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Adaptation to Climate Change through Mangrove-Centric Livelihood | OMICS International
ISSN: 2155-9910
Journal of Marine Science: Research & Development

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Adaptation to Climate Change through Mangrove-Centric Livelihood

Goutam Roy Chowdhury1 and Abhijit Mitra2*

1Chancellor, Techno India University, India

2Department of Marine Science, University of Calcutta, India

Corresponding Author:
Abhijit Mitra
Faculty Member, Department of Marine Science
University of Calcutta, West Bengal, India
Tel: +919831269550

Received Date: March 18, 2017; Accepted Date: March 21, 2017; Published Date: March 26, 2017

Citation: Chowdhury GR, Mitra A (2017) Adaptation to Climate Change through Mangrove-Centric Livelihood. J Marine Sci Res Dev 7:e145. doi:10.4172/2155-9910.1000e145

Copyright: © 2017 Chowdhury GR, et al. This is an open-access article distributed under the terms of the Creative Commons Attribution License, which permits unrestricted use, distribution, and reproduction in any medium, provided the original author and source are credited.

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Climate change is a bitter truth of the present era . The issue is also taken up during US presidential election with priority. Seminars are arranged both at the National and International levels with great pomp and splendor. Heated debate occurs between the nations to fix the upper limit of atmospheric temperature.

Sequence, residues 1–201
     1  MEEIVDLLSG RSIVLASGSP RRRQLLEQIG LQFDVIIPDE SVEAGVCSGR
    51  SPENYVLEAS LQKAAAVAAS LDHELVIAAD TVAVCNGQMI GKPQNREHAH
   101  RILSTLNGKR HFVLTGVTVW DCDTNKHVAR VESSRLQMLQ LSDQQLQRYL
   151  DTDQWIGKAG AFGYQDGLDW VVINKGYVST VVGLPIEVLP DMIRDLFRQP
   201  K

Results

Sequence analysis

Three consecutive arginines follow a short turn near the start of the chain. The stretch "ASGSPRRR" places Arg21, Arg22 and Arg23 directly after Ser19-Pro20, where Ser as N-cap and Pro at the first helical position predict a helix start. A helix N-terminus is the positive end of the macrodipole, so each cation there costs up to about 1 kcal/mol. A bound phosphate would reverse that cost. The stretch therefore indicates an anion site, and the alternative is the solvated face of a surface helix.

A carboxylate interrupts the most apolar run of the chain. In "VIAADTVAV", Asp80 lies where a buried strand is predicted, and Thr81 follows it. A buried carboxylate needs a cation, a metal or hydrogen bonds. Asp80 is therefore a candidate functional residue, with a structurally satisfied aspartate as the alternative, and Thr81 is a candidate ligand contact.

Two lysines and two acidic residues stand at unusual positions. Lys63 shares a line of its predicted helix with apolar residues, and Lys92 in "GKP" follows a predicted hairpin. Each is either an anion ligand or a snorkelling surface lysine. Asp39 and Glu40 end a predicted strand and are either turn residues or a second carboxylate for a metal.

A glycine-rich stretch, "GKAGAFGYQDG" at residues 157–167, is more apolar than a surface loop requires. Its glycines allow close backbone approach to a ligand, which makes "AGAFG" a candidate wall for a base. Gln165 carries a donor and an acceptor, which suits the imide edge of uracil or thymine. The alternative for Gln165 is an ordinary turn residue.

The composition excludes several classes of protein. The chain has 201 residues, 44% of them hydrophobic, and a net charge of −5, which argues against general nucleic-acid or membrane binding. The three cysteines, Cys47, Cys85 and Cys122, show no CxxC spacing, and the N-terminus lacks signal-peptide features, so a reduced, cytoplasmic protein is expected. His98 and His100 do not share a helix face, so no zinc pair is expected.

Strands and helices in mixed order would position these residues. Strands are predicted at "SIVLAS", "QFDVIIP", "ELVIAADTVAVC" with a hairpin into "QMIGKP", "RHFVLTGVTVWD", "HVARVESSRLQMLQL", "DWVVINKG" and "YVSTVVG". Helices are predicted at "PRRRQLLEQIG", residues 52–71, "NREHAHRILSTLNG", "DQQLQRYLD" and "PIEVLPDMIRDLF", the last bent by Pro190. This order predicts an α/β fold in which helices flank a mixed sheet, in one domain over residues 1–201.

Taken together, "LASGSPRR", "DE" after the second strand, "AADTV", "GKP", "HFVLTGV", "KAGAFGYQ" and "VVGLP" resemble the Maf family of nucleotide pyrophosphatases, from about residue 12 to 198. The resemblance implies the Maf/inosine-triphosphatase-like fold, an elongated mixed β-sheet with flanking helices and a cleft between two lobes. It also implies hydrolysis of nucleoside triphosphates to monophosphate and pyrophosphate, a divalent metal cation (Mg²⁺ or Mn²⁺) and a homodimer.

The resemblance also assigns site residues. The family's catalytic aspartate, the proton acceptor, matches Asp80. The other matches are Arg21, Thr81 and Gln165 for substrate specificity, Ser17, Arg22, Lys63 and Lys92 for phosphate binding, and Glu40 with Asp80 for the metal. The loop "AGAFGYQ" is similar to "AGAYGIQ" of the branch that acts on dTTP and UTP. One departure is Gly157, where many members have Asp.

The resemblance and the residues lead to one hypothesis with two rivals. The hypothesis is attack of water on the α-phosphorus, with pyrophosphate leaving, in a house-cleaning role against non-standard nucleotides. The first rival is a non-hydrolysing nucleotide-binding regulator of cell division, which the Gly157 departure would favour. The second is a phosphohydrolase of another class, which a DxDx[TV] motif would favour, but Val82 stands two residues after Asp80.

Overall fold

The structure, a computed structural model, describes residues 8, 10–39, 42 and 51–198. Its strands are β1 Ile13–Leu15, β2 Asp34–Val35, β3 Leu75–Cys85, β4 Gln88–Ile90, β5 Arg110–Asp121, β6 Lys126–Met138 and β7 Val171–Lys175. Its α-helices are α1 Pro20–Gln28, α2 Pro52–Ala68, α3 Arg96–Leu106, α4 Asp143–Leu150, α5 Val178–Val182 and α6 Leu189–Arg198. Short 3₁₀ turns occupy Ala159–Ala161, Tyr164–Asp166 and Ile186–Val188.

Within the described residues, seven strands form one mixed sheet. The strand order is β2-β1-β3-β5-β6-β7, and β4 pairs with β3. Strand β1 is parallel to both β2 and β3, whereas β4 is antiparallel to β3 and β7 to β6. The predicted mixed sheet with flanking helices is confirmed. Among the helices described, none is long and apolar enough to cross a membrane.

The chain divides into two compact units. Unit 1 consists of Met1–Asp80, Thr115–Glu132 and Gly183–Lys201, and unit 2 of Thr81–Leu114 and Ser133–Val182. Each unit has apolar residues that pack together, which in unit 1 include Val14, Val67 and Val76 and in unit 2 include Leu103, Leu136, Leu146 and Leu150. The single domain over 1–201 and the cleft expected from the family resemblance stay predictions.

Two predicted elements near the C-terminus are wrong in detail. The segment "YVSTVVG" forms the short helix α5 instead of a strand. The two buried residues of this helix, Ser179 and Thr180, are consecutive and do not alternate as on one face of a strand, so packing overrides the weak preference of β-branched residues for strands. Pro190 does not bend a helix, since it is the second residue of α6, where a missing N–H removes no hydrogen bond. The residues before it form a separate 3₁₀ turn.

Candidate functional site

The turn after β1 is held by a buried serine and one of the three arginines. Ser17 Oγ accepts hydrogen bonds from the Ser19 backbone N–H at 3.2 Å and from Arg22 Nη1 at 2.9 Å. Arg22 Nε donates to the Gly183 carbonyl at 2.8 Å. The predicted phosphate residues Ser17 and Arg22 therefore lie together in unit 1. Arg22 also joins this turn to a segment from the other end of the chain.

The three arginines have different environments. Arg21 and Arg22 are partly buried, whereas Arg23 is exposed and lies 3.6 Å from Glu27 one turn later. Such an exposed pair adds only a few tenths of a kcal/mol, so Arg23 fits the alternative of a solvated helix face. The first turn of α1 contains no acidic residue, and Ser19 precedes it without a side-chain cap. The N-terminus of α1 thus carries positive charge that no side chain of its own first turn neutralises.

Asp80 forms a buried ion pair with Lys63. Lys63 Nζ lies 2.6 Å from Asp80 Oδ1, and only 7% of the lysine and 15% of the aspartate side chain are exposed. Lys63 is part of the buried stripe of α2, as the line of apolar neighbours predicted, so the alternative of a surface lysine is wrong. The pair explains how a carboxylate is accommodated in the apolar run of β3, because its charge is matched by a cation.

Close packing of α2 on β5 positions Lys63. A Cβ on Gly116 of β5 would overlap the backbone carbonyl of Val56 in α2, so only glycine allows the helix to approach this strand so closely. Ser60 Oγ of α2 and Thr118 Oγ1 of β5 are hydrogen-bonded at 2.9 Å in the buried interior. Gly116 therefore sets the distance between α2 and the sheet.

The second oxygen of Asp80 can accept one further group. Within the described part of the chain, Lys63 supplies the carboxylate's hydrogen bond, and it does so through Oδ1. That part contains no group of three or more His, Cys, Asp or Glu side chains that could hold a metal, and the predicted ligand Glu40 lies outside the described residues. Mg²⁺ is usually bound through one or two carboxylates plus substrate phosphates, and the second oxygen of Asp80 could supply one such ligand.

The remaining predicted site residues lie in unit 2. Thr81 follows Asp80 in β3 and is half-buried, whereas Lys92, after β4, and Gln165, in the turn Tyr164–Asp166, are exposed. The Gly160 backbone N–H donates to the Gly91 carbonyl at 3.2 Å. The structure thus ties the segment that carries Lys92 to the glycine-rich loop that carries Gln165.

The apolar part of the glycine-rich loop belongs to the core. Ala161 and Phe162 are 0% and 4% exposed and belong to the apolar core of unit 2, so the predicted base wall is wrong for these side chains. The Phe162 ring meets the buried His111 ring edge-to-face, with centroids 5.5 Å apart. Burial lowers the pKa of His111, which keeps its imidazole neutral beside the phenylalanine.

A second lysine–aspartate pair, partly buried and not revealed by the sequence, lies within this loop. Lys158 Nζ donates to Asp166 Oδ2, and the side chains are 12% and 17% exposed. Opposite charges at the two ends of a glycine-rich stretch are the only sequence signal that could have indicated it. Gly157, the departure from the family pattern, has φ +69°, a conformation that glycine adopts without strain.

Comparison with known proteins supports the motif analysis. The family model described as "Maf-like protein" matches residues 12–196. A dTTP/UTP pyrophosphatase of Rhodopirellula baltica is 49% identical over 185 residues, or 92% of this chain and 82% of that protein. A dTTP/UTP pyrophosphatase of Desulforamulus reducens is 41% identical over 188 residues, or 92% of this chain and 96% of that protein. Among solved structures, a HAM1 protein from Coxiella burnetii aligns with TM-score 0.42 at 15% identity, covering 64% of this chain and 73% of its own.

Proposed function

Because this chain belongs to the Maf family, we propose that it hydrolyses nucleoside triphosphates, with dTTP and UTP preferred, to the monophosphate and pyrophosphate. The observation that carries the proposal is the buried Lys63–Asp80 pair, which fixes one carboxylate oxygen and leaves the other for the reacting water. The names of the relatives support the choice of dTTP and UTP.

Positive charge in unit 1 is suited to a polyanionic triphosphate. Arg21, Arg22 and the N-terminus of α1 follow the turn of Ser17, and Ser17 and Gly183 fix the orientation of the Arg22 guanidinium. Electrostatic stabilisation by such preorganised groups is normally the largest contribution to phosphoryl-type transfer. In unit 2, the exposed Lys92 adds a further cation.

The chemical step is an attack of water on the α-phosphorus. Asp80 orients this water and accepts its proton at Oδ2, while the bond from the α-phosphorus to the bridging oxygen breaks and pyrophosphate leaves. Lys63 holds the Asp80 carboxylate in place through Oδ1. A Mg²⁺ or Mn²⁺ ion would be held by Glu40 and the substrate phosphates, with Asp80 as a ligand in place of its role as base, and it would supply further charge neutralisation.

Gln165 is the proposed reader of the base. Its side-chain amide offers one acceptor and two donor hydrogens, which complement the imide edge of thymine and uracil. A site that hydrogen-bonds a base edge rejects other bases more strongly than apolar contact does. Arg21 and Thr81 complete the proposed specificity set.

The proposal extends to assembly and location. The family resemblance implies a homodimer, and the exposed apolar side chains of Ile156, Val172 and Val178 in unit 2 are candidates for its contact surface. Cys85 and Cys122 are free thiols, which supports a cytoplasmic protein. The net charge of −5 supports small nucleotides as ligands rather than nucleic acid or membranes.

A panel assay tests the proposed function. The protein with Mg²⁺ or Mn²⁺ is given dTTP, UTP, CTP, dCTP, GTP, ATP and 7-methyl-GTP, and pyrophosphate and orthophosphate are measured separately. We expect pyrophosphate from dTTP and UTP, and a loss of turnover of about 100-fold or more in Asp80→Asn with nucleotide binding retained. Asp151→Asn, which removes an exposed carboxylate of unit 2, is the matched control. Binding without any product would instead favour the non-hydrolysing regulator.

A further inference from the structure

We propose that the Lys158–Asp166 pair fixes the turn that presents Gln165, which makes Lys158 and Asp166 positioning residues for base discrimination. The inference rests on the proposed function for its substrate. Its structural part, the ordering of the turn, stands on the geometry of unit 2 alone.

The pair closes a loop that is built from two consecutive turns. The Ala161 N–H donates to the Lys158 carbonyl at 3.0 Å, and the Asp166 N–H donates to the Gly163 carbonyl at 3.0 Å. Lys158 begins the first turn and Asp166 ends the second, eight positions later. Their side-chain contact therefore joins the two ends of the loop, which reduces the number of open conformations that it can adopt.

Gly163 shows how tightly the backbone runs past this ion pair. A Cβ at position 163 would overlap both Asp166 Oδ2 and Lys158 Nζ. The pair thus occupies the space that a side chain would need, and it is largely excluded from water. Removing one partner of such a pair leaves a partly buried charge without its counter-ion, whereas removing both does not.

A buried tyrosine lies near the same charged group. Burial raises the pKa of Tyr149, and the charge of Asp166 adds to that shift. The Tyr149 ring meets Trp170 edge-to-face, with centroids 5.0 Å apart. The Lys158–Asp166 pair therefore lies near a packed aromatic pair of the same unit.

Indian Sundarbans; Salt marsh grass; Prawn feed; Alternative livelihood


Climate change is a bitter truth of the present era . The issue is also taken up during US presidential election with priority. Seminars are arranged both at the National and International levels with great pomp and splendor. Heated debate occurs between the nations to fix the upper limit of atmospheric temperature. The heat of these debates, the outcome of these hot conversations or the resolutions taken by the nation leaders/representatives cannot touch the poor villagers of Dayapur or Chotomollakahli, which are dominated by mangrove vegetation’s, tiger, crocodiles, deer and many other wild fauna [1-3].

These villages are not spotted in the world map, neither the livelihood of the villagers appear on the surface of knowledge due to their location in the remote part of the world, the place known as Indian Sundarbans in the lower Gangetic delta. Bidhan Mondol, a son of this mangrove soil was a poacher, but after witnessing the cruel clutches of AILA (a super cyclone that hit the region in May 2009) now thinks to shift to a new livelihood pattern. Like Bidhan, a large fraction of the people of these islands are thinking to accept new livelihood schemes like home tourism, apiculture, or fish feed preparation from mangrove flora.